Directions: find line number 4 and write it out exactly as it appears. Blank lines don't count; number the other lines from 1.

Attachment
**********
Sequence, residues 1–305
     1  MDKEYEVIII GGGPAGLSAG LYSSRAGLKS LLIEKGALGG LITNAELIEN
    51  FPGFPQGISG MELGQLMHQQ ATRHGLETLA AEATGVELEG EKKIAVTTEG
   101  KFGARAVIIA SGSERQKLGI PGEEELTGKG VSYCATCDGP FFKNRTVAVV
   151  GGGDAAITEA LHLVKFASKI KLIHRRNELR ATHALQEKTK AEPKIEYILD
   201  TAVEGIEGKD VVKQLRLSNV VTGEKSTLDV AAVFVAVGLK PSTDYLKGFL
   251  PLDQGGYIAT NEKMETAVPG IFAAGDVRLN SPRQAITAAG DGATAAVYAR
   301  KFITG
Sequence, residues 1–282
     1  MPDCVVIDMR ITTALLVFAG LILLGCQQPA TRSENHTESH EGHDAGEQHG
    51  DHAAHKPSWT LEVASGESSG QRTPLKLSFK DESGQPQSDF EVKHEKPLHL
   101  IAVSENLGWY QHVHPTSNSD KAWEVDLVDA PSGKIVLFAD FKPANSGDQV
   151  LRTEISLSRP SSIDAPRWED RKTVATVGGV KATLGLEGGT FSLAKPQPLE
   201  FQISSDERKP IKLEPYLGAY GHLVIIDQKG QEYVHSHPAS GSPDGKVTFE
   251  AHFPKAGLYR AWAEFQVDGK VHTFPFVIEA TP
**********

   101  KFGARAVIIA SGSERQKLGI PGEEELTGKG VSYCATCDGP FFKNRTVAVV